Penny Dreadful: Edward Pettit on Varney the Vampire

Left: Front wrapper from the 1853 edition of Varney the Vampire; Right: The 2007 Zittaw Press edition

In his Book Reviews, Edward Pettit, The Philly Poe Guy, tells us, “Years ago I discovered Varney the Vampire, or the Feast of Blood, a penny dreadful from the Victorian age, the first full-length vampire novel in English (I’ve never discovered whether there were any vampire novels in other languages that predate it). My discovery was a three volume Arno Press edition, a facsimile of the original 1847 edition with a plethora of illustrations throughout the text.”

But Pettit found the print in that Arno Press edition difficult to read, being small and almost illegible in places.  “Happily,” he says, “Zittaw Press has published a new complete edition of Varney, edited by Curt Herr. 

Here is Pettit’s entire Review

Mysteries of London

 G. W. M. Reynolds  (July 23, 1814 – June 19, 1879) is not as famous today as Dickens or Thackery, but during his lifetime, he was arguably more popular. His serial The Mysteries of London (1844), sold 40,000 copies a week in installments known as “penny dreadfuls” before it was issued in bound volumes.

Wikipedia tells us, “The Mysteries of London and its sequel The Mysteries of the Court of London are among the seminal works of the Victorian ‘urban mysteries’ genre, a style of sensational fiction which adapted elements of the Gothic novel – with its haunted castles, innocent noble damsels in distress and nefarious villains – to produce stories which instead focussed on the shocks of life after the Industrial Revolution: the poverty, crime, and violence of a great metropolis, complete with detailed and often sympathetic descriptions of the lives of lower-class lawbreakers and extensive glossaries of thieves’ cant, all interwoven with a frank sexuality not usually found in popular fiction of the time. Although Reynolds was unusual in his religious skepticism (one of the main characters in The Mysteries of London was a clergyman turned libertine) and political radicalism, his tales were aimed squarely at the tastes of his mostly middle- and lower-class audience; they featured hump-backed dwarves, harridans and grave-robbers who groped past against a background of workhouses, jails, execution yards, thieves’ kitchens and cemeteries.”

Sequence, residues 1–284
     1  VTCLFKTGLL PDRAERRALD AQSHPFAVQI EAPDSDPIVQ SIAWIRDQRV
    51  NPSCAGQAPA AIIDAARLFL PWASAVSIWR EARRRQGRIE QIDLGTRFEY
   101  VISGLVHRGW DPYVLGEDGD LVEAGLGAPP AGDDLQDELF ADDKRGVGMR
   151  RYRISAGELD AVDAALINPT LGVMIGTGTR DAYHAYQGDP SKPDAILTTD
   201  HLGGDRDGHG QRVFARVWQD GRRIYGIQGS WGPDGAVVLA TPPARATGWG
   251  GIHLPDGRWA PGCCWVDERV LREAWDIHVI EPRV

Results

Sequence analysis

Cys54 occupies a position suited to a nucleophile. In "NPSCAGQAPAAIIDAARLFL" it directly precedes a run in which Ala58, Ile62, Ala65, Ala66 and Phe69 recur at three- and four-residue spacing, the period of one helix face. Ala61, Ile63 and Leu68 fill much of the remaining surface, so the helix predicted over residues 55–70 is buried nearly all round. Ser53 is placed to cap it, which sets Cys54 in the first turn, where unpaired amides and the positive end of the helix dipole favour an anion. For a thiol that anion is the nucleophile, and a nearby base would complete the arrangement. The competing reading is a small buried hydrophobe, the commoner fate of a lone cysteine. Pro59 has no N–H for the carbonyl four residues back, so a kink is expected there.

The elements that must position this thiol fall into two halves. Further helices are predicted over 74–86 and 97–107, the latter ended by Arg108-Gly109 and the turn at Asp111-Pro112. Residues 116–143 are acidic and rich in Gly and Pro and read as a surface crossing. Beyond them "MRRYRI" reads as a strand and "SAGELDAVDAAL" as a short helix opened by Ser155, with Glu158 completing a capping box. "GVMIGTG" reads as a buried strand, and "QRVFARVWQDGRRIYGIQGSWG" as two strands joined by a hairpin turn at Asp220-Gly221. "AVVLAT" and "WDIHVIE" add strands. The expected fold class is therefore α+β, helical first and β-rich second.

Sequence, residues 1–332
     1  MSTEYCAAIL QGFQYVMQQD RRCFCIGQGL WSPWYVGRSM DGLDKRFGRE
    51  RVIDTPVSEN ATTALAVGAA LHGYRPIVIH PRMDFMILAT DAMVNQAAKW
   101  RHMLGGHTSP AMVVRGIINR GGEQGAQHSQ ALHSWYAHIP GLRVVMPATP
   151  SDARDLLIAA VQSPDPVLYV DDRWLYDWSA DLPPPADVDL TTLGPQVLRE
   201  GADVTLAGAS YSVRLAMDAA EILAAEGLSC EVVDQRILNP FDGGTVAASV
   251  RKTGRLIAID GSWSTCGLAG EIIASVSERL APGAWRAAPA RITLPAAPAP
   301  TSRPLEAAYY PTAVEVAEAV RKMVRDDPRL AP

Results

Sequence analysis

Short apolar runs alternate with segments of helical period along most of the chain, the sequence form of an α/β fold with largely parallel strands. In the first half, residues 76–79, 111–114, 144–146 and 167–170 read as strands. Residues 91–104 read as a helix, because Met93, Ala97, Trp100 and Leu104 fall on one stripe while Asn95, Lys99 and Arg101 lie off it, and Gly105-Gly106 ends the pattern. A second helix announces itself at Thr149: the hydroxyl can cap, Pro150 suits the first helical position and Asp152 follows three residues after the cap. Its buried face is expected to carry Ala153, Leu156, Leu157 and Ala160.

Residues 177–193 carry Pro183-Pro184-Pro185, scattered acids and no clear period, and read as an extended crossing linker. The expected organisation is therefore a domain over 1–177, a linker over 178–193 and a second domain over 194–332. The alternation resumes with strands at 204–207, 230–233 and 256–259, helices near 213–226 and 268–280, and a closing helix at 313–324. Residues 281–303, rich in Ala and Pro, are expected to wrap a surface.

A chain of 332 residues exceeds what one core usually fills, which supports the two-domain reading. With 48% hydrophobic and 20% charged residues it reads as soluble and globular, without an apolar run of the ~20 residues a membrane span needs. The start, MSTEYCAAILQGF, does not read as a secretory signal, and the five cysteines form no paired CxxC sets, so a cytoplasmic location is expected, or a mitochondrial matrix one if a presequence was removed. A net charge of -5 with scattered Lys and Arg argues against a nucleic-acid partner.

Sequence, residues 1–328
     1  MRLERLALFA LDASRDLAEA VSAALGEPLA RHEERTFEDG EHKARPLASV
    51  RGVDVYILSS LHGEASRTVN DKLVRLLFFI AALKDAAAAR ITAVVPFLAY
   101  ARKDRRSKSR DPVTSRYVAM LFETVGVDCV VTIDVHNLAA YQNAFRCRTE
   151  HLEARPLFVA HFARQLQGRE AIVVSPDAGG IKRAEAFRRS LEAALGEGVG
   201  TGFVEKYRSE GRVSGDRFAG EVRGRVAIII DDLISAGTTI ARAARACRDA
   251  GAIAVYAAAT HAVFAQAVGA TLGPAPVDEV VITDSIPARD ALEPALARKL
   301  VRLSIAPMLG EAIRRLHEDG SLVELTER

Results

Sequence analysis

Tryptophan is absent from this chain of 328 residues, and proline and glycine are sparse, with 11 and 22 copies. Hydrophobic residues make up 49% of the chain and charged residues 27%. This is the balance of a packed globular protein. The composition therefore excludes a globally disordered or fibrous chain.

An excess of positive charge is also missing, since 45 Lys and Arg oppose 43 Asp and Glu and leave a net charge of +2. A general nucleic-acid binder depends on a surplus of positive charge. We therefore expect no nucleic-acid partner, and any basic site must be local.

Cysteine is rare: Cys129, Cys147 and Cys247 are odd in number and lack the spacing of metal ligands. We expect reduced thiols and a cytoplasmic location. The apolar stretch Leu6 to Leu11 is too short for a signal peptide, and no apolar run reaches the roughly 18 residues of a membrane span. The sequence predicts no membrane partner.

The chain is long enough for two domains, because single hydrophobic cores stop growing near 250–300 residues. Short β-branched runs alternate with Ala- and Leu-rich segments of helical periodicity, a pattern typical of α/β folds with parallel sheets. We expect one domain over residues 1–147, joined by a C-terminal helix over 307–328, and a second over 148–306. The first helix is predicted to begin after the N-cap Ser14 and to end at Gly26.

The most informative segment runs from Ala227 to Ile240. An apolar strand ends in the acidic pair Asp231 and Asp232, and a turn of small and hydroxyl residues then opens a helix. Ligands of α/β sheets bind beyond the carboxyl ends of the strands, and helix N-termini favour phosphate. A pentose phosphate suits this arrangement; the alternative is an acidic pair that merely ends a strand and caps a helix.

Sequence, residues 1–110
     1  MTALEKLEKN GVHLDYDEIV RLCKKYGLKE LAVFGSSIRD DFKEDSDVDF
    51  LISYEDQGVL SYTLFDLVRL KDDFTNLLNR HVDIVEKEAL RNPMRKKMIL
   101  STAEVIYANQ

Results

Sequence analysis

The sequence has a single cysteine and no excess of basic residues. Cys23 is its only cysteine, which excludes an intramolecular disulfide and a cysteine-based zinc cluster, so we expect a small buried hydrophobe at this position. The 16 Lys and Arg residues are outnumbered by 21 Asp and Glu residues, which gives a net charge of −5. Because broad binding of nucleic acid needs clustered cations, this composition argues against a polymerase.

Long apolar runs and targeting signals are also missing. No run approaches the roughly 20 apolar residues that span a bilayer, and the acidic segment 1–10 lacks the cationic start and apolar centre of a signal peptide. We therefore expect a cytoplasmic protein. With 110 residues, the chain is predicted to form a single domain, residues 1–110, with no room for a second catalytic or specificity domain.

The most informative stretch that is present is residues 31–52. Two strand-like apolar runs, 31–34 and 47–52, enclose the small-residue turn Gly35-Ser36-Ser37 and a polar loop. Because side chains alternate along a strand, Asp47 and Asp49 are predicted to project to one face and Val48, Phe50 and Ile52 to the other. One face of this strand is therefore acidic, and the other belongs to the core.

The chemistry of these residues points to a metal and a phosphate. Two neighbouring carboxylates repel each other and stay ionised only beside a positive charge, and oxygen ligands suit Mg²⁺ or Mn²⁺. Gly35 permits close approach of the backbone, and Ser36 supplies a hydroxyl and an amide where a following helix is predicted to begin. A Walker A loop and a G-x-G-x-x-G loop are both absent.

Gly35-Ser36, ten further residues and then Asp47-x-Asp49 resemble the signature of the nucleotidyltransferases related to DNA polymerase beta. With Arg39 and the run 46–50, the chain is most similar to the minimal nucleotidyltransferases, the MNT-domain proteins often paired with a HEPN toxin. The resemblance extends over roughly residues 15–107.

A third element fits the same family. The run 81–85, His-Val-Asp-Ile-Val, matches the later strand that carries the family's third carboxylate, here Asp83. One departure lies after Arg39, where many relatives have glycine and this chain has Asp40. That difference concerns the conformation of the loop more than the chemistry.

You can read the entire text of Mysteries of London at the Victorian London web site.